An overwhelming majority of Americans agree it is important that the United States is generally respected by other countries around the world, according to a Pew Research Center survey conducted in February. And a new parallel survey of international relations scholars finds that academics are in lockstep with the U.S. public on the importance of America’s image abroad.

International relations scholars and American public hold similar views on importance of U.S. global image

Overall, more than nine-in-ten IR scholars surveyed (95%) say it is very or somewhat important that the U.S. is respected by other countries around the world, including 56% who say it is very important, according to the online poll conducted in April and May by the Teaching, Research and International Policy (TRIP) Project at the College of William & Mary.

This analysis focuses on differences in views between international relations scholars surveyed by the Teaching, Research and International Policy (TRIP) Project at the College of William & Mary and the general public surveyed by Pew Research Center. The post focuses on the relative importance of America’s standing abroad and whether the United States is more or less respected than in the past.

The TRIP project poll was conducted online from April 28-May 3, 2021, among 812 U.S.-based foreign policy scholars. More information on methodology for TRIP surveys and further findings can be found here, and further analysis of results can be found here. The TRIP project is supported by the Carnegie Corporation of New York.

Pew Research Center data comes from a nationally representative survey of 2,596 U.S. adults conducted Feb. 1 to 7, 2021. Everyone who took part is a member of the Center’s American Trends Panel (ATP), an online survey panel that is recruited through national, random sampling of residential addresses. This way nearly all U.S. adults have a chance of selection. The survey is weighted to be representative of the U.S. adult population by gender, race, ethnicity, partisan affiliation, education and other categories. Read more about the ATP’s methodology. Here are the questions used for this report, along with responses, and its methodology.

Similarly, 87% of U.S. adults surveyed say respect for the U.S. abroad is vital, including half who say it is very important. Only 5% and 13% of the IR scholars and American public, respectively, say this is not too or not at all important.

Among Americans overall, there are some demographic differences when it comes to the importance of U.S. respect abroad. While most Americans generally say it is important, only 29% of those ages 18 to 29 say it is very important, compared with 62% of those 65 and older. Democrats and those who lean toward the Democratic Party are also slightly more likely than Republicans and GOP leaners to say it is very important that the U.S. is respected abroad (54% vs. 46%).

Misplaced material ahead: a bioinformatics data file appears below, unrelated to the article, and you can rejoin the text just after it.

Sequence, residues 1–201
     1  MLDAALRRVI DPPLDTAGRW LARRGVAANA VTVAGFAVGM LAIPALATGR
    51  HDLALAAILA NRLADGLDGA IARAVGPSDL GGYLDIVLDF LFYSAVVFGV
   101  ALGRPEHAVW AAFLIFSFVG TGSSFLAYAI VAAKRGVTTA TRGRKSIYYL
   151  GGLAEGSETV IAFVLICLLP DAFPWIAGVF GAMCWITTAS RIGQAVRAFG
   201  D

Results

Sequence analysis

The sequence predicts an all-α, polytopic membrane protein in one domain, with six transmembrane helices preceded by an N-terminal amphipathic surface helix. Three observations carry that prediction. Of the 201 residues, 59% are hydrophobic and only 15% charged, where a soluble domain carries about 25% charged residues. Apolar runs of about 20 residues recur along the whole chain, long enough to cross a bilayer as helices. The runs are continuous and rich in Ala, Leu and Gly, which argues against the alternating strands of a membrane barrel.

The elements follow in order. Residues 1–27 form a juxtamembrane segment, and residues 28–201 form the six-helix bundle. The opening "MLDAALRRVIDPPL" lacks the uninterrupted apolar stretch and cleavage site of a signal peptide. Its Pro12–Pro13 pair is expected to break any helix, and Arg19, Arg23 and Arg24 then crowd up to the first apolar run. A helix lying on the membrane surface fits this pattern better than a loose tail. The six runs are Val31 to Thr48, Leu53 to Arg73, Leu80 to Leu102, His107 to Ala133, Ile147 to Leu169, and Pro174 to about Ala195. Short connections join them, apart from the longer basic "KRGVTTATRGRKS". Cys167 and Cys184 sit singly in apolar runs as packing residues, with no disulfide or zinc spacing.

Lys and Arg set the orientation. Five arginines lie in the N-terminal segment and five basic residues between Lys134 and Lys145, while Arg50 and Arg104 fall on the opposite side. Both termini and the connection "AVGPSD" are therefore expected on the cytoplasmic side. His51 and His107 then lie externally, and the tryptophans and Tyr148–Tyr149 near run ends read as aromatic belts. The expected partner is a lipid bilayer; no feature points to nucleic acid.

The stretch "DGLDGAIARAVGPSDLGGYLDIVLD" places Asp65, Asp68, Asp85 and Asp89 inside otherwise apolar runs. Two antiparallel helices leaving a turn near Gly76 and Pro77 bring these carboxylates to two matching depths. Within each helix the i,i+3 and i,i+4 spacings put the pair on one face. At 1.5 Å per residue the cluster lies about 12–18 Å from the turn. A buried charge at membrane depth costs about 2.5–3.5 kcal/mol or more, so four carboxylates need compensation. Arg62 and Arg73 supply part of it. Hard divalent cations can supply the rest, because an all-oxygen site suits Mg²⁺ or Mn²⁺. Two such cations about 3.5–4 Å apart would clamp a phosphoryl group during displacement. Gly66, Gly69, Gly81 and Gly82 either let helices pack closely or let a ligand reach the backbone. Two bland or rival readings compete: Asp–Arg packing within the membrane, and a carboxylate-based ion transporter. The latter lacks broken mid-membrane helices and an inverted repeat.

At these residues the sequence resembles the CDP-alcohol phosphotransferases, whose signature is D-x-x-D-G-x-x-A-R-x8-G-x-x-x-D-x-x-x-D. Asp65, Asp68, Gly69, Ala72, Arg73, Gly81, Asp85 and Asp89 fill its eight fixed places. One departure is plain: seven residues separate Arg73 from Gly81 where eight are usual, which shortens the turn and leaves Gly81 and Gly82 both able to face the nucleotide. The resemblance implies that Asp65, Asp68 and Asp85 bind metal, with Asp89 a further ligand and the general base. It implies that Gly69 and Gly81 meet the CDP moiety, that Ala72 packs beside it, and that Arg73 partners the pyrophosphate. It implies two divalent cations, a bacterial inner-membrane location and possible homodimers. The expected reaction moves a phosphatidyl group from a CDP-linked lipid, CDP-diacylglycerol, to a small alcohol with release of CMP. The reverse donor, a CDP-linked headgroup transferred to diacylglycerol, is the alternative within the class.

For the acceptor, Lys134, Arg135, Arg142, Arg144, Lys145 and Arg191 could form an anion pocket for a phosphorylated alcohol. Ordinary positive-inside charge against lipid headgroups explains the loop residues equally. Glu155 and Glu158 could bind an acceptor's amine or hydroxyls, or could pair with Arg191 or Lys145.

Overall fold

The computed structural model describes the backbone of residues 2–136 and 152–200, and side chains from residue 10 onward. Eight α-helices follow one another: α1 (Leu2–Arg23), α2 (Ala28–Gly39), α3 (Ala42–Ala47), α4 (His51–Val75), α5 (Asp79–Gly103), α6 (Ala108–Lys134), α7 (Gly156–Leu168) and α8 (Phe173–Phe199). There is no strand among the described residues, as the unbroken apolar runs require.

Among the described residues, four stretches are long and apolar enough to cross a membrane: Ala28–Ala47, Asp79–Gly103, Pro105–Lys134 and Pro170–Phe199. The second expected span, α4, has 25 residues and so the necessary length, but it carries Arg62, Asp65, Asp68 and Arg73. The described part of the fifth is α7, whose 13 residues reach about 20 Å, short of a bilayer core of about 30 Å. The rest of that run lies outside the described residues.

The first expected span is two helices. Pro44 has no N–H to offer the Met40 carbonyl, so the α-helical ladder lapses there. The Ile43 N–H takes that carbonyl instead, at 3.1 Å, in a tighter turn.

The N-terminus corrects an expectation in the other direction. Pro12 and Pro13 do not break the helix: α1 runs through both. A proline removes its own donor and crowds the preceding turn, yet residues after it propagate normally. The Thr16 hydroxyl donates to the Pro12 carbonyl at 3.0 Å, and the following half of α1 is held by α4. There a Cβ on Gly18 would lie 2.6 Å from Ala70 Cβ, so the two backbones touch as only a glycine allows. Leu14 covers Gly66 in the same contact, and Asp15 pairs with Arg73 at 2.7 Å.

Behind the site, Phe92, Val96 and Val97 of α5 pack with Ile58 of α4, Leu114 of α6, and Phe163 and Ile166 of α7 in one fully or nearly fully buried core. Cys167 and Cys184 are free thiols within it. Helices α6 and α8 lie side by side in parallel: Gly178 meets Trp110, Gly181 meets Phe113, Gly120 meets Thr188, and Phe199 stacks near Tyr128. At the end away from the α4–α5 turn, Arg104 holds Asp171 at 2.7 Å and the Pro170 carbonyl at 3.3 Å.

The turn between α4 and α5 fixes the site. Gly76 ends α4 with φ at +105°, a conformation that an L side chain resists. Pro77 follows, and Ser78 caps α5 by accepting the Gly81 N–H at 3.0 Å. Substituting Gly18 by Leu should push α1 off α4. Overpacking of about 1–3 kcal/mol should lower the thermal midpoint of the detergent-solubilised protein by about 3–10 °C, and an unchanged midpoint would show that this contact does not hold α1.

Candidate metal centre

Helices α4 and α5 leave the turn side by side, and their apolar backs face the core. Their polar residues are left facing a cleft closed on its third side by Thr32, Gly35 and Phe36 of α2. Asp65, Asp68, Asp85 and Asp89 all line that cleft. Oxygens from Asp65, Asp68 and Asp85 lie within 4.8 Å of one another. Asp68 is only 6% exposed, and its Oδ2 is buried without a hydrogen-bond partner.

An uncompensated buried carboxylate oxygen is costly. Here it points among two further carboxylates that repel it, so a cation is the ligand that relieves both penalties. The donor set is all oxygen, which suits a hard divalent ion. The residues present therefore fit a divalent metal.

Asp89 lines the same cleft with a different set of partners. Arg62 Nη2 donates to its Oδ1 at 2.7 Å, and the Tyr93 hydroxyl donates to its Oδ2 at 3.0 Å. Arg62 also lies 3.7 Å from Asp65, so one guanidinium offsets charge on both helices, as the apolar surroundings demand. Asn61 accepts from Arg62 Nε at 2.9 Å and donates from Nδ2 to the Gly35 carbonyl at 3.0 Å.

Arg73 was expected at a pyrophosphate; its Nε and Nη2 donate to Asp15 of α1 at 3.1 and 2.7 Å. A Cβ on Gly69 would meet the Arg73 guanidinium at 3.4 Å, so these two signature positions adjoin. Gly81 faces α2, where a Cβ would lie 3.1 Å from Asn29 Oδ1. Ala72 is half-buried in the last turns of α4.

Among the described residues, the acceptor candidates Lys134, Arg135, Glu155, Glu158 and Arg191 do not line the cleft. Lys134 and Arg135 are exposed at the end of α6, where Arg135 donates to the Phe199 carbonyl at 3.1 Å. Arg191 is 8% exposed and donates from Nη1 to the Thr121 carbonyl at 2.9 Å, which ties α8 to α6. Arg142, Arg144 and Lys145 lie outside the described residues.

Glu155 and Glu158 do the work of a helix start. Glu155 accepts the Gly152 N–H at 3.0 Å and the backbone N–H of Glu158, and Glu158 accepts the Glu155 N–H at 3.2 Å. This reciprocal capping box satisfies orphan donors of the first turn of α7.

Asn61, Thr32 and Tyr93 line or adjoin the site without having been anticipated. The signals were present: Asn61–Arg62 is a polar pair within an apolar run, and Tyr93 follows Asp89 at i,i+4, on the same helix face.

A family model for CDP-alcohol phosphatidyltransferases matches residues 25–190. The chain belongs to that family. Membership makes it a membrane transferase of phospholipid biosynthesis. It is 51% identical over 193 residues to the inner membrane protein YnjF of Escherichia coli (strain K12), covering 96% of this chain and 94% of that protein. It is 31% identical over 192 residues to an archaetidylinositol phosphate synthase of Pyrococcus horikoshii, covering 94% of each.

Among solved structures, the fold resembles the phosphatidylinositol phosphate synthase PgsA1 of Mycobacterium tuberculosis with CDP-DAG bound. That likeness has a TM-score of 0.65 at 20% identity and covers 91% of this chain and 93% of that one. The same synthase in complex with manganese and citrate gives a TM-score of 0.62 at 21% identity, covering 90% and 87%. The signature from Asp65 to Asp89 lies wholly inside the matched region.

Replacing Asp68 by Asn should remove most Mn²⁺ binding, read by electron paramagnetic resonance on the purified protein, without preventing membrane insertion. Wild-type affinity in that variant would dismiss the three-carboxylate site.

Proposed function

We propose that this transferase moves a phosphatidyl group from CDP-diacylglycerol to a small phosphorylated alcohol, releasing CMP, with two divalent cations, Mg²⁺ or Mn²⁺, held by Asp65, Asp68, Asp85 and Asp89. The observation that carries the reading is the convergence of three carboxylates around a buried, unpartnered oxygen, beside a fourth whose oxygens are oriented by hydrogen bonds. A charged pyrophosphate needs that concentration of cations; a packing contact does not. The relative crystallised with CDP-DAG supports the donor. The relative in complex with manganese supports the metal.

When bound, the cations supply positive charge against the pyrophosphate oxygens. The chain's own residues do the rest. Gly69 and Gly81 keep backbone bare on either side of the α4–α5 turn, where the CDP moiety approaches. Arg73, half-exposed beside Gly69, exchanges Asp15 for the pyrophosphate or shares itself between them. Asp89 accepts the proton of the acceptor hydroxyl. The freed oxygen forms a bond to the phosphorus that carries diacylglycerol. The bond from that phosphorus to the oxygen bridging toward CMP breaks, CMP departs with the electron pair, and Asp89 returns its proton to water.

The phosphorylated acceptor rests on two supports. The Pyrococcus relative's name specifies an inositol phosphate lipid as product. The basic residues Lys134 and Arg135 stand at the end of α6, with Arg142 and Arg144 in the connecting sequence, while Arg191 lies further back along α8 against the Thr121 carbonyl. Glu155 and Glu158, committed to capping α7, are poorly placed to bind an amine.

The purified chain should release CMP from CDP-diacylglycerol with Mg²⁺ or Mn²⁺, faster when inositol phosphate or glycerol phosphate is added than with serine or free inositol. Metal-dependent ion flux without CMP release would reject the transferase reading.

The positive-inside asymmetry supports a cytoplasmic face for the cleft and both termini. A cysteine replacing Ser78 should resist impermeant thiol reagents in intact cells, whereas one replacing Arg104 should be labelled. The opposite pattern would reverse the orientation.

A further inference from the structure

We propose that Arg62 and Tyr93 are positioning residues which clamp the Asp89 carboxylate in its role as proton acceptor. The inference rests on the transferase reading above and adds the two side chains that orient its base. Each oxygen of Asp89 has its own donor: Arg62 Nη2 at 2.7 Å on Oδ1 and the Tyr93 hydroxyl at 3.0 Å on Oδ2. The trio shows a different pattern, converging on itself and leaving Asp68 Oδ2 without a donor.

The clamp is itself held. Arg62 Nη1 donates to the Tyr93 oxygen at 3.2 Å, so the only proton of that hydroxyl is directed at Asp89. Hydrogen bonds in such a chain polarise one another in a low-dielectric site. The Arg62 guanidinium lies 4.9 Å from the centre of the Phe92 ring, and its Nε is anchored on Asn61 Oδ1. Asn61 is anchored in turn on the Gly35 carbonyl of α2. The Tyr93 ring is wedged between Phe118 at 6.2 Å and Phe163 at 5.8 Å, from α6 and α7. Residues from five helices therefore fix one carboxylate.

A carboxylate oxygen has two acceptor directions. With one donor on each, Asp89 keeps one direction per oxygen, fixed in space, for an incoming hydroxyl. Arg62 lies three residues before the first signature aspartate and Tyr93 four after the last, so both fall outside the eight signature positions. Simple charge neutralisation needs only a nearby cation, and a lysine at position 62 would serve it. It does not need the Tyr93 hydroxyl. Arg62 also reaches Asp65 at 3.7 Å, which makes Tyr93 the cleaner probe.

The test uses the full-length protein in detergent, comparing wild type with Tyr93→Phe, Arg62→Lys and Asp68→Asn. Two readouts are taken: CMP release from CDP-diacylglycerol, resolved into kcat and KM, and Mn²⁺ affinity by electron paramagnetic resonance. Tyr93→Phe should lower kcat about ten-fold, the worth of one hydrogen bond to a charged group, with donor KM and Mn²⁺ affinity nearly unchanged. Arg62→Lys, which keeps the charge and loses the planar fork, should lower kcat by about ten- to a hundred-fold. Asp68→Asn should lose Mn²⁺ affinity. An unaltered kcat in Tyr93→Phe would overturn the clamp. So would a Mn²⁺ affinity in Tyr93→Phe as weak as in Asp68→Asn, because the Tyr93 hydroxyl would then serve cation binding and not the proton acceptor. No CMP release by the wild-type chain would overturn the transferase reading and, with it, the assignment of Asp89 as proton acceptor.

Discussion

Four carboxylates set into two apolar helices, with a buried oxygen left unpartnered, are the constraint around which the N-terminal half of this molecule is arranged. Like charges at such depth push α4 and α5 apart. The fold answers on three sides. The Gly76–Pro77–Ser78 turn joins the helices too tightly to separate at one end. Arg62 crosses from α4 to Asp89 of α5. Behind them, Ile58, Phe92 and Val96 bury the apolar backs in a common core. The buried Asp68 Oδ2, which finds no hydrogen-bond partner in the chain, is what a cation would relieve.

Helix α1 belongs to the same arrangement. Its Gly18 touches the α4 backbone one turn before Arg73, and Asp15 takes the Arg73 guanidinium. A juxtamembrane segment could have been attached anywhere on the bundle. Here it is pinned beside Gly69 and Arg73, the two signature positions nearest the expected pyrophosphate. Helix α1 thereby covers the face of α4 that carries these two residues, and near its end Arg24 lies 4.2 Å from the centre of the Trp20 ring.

Among the IR scholars surveyed, those who identify as Republican or independent are also slightly less likely than those who identify as Democratic to say it is very important that the U.S. garners respect abroad. Still, 92% of IR scholars who identify as Republican or independent see America’s international image as at least somewhat important, compared with 98% among IR scholars who identify as Democratic.

When it comes to how the U.S. is actually perceived internationally, IR scholars are negative in their assessments. A 58% majority believes the U.S. is less respected by other countries today compared with the past, while only 28% think the U.S. is more respected. An additional 14% think the nation’s standing with other countries has remained unchanged.

A growing share of international relations scholars say the U.S. is more respected abroad than in the past

This represents a departure from previous TRIP surveys, when views of America’s position were almost universally negative. Since the last time this question was asked in 2018, the share of IR scholars who say the U.S. is less respected than in the past has declined by 35 percentage points (from 93% to 58%). As negative assessments have waned, the view that the U.S. is commanding more respect has grown more common, increasing 26 points since 2018 (from 2% to 28%).

Partisan divides may account for the sunnier outlooks about America’s global image among IR scholars. Among the scholars surveyed this year, Democrats are 14 percentage points more likely than Republicans and independents to say America’s reputation is on the rise, while the latter group is more likely to say the U.S.’s standing has not changed. Notably, though, similar shares of Republicans, independents and Democrats all say the U.S. is less respected today than in the past.

Among the general public, partisans are generally more likely to think America’s global standing is improving – and less likely to think it is declining – when a president from their own party is in office.

The TRIP Project survey also finds that President Joe Biden’s policies and leadership skills are generally popular with foreign policy academics. Biden has made clear that strengthening America’s image abroad, especially among allies, is a key goal of his administration. And early data shows that views of the U.S. improved considerably in France, Germany and the United Kingdom following Biden’s election.

Note: Here are the questions used for this report, along with responses, and its methodology.

Jacob Poushter  is an associate director focusing on global attitudes at Pew Research Center.
Mara Mordecai  is a research assistant focusing on global attitudes research at Pew Research Center.